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The Sound and the Führer

On the 121st anniversary of his birth, what makes Hitler an Internet phenomenon?

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Adolf Hitler is mad as hell. Kanye West, the Democratic National Committee, Microsoft, even Tel Aviv’s municipality—contemporary life is sending him over the edge. In his bunker, surrounded by his top henchmen, he vents.

This, at least, is how the Internet would have it. Slapping original subtitles onto a scene from the 2004 German film Downfall, scores of YouTube auteurs have made Hitler one of the Internet’s most popular memes. The scene remains the same—the Führer, portrayed by Bruno Ganz, is livid, shouting at his generals and flailing his arms in anger—but the creative translations explore every nook of the news, from politics to pop culture. The most popular videos in this cottage industry have attracted more than 4 million viewers to date.

Much has been written about this phenomenon. For the most part, commentators either dismissed the clip as another in a long line of random and amusing Internet gags, or focused on the obvious and argued that laughing at a horror such as Hitler provided catharsis.

While such explanations are plausible, neither addresses the fundamental question at the heart of this cultural anomaly: why Hitler? Why not, say, Darth Vader? Why not Robert Duvall’s apoplectic Stalin? A host of other characters fit the bill just as well, yet we chose Hitler. And not, mind you, the Führer of The Producers or The Great Dictator; while these and other earlier comic depictions found much to mock about the Nazi leader’s power and pomp, the Internet clips find humor in Hitler’s darkest hour, when he ceases to be the bête noir of history and comes as close as we’ll ever see him to a vulnerable human being.

There’s much evidence to suggest that Internet Hitler is vastly different than former parodies of the man. Mel Brooks’s Hitler, for example, as well as Charlie Chaplin’s, made us laugh because they exaggerated the silliness evident just beneath the surface of any totalitarian enterprise, with its fetishistic approach to power and footwear and its childlike insistence on immediate gratification. Internet Hitler, however, is just the opposite. He can’t catch a break. Nothing goes his way. With few exceptions, he finds himself put down by some large and cumbersome bureaucratic organization, be it the DNC or the NFL, Microsoft or a municipality. In his energetic rant, Internet Hitler is a latter-day Howard Beale, mad as hell and not going to take it anymore.

We can ask for no better endorser of our ennui. Once we overcome the joke’s initial appeal—can you imagine Hitler going on Facebook?!?—we’re left with a pulsating feeling, not always coherent, that the joke’s funny because it’s true; that Hitler would get mad at Microsoft; that even Hitler would get mad at Microsoft; that the inconveniences and annoyances that make up so much of our days are so outrageous that even the greatest architect of evil our collective imagination could evoke would find our condition utterly intolerable.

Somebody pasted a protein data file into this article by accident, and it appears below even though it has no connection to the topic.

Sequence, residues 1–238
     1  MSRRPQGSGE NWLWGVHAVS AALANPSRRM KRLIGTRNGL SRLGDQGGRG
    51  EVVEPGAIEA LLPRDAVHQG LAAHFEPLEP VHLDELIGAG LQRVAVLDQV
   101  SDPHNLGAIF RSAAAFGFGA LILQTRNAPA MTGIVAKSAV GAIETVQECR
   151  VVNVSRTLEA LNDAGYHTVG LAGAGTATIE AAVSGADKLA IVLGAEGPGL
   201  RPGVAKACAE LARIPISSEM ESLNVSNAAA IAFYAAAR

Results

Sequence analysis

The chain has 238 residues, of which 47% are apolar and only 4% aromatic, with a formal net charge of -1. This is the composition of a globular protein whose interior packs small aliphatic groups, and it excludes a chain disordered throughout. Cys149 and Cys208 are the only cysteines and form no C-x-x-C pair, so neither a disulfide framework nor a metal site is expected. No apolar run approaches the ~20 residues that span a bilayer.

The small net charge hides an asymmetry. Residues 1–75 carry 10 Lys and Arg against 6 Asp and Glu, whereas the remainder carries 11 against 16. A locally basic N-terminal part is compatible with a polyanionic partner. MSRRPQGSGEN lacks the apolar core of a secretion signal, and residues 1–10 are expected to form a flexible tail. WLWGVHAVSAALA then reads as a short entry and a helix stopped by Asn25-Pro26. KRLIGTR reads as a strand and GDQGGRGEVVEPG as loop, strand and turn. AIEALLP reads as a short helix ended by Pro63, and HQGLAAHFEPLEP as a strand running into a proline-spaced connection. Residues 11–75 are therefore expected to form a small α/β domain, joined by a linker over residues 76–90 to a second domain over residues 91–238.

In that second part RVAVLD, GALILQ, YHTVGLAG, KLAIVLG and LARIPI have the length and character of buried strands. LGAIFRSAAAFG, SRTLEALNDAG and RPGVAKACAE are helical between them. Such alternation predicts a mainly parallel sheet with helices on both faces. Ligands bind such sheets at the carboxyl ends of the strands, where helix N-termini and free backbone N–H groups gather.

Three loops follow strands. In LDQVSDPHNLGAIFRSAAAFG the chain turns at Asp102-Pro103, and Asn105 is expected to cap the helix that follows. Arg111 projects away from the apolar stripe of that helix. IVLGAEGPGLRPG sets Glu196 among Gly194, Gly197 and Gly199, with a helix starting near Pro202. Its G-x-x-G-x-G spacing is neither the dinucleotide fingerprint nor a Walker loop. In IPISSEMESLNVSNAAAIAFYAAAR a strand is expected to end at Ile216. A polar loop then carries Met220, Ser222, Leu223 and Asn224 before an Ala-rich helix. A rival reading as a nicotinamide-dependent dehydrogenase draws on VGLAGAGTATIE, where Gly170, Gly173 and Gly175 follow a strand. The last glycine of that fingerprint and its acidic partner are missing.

To better understand how we’ve come to feel this way about Hitler, it’s to Hitler himself we should refer, not the film version but the real historical figure. Whatever else World War II had been—a momentous battle, shaper of geopolitical realities, engine of death—we remember it now primarily as a symbol for perhaps our last great and uncomplicated war. From the mud in Faluja or the dunes of Kandahar, all we have to do to assuage the ambiguities of our current conflicts is close our eyes and think of Normandy. But specificity, of course, fades with time, and the war and everything it represents in our memory gradually became embodied in its talisman: Hitler, the Absolute Evil. Like every religious icon, when we see Hitler, we’re supposed to feel a swell of transcendental emotion: Just as the Christian beholding the crucifix should feel Jesus’s compassion and sacrifice and love, a Jew—or, for that matter, any American, or any contemporary westerner—looking at the image of Hitler should feel hateful and enraged and proud to side with the enlightened men who risked everything to rid the world of this mustachioed menace.

But just as Christ evokes a spiritual ideal that could never be obtained by us mortals, so does Hitler. We will never again have an enemy who so purely and uncomplicatedly represents all that is foul with humanity. Milosevic, Ahmadinejad, Mugabe—none has succeeded in dethroning Hitler as the universally iconic stand-in for all of humanity’s malice. We may fear them and loathe them, but we do so as humans fearing and loathing other humans. This is why the constant rhetorical gambit abused by politicians, the one about it being 1938 and the next Hitler being right around the corner, is not only historically inaccurate but also emotionally empty. Most of us won’t let ourselves get swept up by it precisely because we know—we feel!—that there could never really be another Hitler to terrify and enrage us so purely as the original once had.

And with no real Hitler, with no real evil to fight to the death, the unpleasantnesses that dot our lives loom larger and larger. The sports franchise run by greedy executives who make disheartening choices and degrade the game, the large corporation policing our hardware and software usage to maximize its profits, the clerks who regulate our city’s parking rules: They all exert so much influence, governing how we spend our free time and available income, that we’ve come to see them not so much as necessary evils but as world-historical forces. We have no more battlefields on which to infuse our lives with meaning; the battlefields we do have are teeming with doubt and confusion. If we could only imagine another Hitler, another epic battle we might once more be called to fight for the good of the world, the parking ticket may not seem so bad. But we can’t, because the point of Hitler is his singularity, his momentous stature as the sum of all our fears. Searching for the next best thing to rail against, we rail against what we see, the ephemera and detritus that make up so much of life.